In Sensai Kaz and Peter Levitt’s book, The Complete Cold Mountain, (Shambhala, 2018), the legendary hermit poet, Hanshan, or, Cold Mountain, as he is often referred to, is an elusive character, but a true and constant companion.
Scanning the green slopes below,
I discuss the profound principle with the white cloud.
Though the feeling of the wild is in mountains and waters,
truly, I long for a companion of the way.
Peter writes in the book’s introduction, “Because of the compassionate discernment, profound tranquility, unexpected insight, and the occasional outrageous humor of his poetry, Kaz Tanahashi and I have gratefully considered Hanshan one of life’s treasured companions for fifty years.”
Hanshan longed to spend his life in the natural world with his heart and mind uninterrupted by worldly distractions:
With a bed made of thin grass
and the blue sky for my cover,
I rest my head happily on a stone pillow
and follow the changes of heaven and earth.
But Hanshan discovered that it is not as easy to leave the world behind as one might think. His choice to live as a hermit in the caves of Cold Mountain did not, as Peter says, “…preclude him from experiencing all of the other emotions and states of mind that, in part, reveal the inner truths of what a human life is.” His great compassion and tenderness for all living beings is often glimpsed in his unexpected moments of just experiencing life.
Rich people meet at a tall building
decorated with shining lamps.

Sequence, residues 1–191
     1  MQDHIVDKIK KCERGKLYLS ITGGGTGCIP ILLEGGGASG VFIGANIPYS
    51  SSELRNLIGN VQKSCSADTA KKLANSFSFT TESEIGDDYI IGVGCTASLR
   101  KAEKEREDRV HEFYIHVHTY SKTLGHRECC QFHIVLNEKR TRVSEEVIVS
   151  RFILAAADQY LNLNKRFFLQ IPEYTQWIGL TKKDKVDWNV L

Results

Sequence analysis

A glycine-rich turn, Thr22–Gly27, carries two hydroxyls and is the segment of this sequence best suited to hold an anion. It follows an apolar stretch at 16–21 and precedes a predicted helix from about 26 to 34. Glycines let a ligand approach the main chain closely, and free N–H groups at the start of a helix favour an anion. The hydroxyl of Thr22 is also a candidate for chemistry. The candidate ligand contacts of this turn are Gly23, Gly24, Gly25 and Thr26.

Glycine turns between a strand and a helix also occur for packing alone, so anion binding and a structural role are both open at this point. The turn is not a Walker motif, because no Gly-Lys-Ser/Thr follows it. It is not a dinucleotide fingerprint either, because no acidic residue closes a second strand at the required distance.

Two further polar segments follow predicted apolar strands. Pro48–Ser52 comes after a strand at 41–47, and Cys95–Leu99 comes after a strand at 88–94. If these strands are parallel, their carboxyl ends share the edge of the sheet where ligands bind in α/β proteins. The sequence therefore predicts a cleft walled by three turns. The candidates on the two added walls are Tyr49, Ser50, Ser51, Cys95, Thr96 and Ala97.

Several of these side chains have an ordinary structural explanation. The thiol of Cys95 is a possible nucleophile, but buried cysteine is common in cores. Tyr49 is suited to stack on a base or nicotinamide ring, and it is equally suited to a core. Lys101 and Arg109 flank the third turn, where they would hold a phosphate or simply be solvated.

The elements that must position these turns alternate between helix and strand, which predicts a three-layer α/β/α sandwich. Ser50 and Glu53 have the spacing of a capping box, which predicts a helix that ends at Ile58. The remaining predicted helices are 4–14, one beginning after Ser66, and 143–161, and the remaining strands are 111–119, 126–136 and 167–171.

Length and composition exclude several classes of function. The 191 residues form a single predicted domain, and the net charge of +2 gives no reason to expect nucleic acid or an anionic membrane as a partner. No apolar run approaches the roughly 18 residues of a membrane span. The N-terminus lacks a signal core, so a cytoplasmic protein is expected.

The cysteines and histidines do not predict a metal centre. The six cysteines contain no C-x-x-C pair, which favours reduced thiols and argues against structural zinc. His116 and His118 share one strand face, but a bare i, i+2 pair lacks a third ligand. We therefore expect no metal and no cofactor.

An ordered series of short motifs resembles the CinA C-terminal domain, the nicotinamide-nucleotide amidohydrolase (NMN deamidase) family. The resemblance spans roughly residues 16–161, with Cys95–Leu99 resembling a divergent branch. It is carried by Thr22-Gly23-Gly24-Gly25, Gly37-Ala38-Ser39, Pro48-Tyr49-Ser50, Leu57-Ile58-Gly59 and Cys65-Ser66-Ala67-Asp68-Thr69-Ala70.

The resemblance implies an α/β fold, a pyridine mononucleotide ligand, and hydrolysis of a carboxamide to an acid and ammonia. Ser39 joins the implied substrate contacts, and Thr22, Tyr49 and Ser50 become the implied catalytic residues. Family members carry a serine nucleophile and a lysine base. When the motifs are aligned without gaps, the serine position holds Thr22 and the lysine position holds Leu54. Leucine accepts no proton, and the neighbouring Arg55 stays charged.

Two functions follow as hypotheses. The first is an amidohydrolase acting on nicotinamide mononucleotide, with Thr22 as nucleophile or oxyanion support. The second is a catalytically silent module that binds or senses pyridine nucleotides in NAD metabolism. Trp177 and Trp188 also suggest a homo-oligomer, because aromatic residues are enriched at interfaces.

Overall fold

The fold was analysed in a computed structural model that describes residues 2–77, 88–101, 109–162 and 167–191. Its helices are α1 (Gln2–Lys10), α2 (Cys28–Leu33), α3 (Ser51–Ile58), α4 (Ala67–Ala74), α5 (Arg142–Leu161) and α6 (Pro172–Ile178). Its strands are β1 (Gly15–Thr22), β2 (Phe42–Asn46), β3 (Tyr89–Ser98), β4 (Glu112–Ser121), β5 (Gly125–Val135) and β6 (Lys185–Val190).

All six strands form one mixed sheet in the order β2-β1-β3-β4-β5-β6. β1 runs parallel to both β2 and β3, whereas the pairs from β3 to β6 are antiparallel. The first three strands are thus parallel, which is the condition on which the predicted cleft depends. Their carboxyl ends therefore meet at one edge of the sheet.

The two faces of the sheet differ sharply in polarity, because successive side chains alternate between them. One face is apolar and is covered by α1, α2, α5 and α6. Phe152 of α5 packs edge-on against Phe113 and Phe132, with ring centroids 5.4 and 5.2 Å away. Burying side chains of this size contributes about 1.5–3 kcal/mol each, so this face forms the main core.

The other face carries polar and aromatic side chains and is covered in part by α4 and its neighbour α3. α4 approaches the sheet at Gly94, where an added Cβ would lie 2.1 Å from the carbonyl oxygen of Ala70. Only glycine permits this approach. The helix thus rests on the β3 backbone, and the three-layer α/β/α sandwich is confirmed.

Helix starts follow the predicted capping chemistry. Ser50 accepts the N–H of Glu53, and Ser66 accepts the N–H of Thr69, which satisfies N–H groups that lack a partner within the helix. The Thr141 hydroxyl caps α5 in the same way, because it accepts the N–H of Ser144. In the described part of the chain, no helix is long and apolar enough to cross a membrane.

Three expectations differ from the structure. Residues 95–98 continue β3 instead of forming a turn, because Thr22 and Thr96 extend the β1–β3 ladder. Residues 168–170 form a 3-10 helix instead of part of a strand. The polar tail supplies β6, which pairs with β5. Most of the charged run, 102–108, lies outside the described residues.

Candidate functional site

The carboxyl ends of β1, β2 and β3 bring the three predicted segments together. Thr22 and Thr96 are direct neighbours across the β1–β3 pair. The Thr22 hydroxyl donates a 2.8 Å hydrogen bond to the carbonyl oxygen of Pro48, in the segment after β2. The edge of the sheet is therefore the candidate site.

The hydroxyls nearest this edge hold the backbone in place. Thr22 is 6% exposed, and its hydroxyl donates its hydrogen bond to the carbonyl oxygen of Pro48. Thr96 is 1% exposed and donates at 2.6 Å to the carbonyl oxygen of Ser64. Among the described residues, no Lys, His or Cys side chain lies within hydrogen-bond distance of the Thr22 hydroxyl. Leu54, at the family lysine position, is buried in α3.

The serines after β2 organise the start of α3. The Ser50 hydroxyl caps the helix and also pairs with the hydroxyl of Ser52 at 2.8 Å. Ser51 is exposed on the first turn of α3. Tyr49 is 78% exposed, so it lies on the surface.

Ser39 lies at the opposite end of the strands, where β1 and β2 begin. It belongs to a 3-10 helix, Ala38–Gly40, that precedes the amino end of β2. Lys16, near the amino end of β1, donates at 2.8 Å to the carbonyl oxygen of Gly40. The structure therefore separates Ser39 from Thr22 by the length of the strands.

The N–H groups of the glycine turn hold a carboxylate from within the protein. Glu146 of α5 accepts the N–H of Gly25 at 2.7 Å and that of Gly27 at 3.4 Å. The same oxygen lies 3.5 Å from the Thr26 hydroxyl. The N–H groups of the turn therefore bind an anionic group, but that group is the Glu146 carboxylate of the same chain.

When a woman without even a candle
wants to draw near,
they quickly push her away,
back into the shadows.
How does adding someone diminish the light?
I wonder, can’t they spare it?
There are over 300 poems attributed to Hanshan in this collection, and yet, “there appear to be no accurate, official records that document the life of the poet who took the name Hanshan to express both the place that he lived (in the Tiantai mountain range of southern China) and the nature of his heart and mind.” He wrote on cave walls, on stone, on paper. He is often depicted carrying a brush and a roll of paper with his companion Shide who carries a broom.
In my village there is a house,
but the house has no true master.
On the ground, one inch of weeds grows,
watered by single drops of dew.
Fire burns six thieves
while the wind blows in dark clouds and rain.
When we thoroughly look for the original person,
it’s a pearl sewn in the back of a robe.
Hanshan’s wish for obscurity is magnified by a groundbreaking discovery: Based on a textual study of the poems, the time span when the Hanshan poems were written, (200 years), and linguistic patterns and historical references, Kaz has developed the “three Hanshan Poets theory.” The poet of lore and laughter called Hanshan, may actually have been at least three people who wrote under the same name!
In Kaz’s chapter called, “A Study of the Poet,” he says, “We see at least three Hanshan poets responsible for creating the Hanshan anthology: the original one, the one who followed his rhymes and wrote Zen-influenced and possibly general Buddhist-themed poems, and a further later poet who wrote Hanshan II poems in Late Middle Chinese rhyming.”
“Traditionally, however,” writes Kaz, “Hanshan was regarded as one poet, and you may still see just one.”
Ordinary people and sages are all mixed together.
I advise you to stop being led by appearances.
My dharma is wondrous and difficult to understand,
but it is revered by heavenly dragons.
All of Hanshan’s poems were translated by Kaz Tanahashi and Peter Levitt from The Complete Cold Mountain, Shambhala, 2018.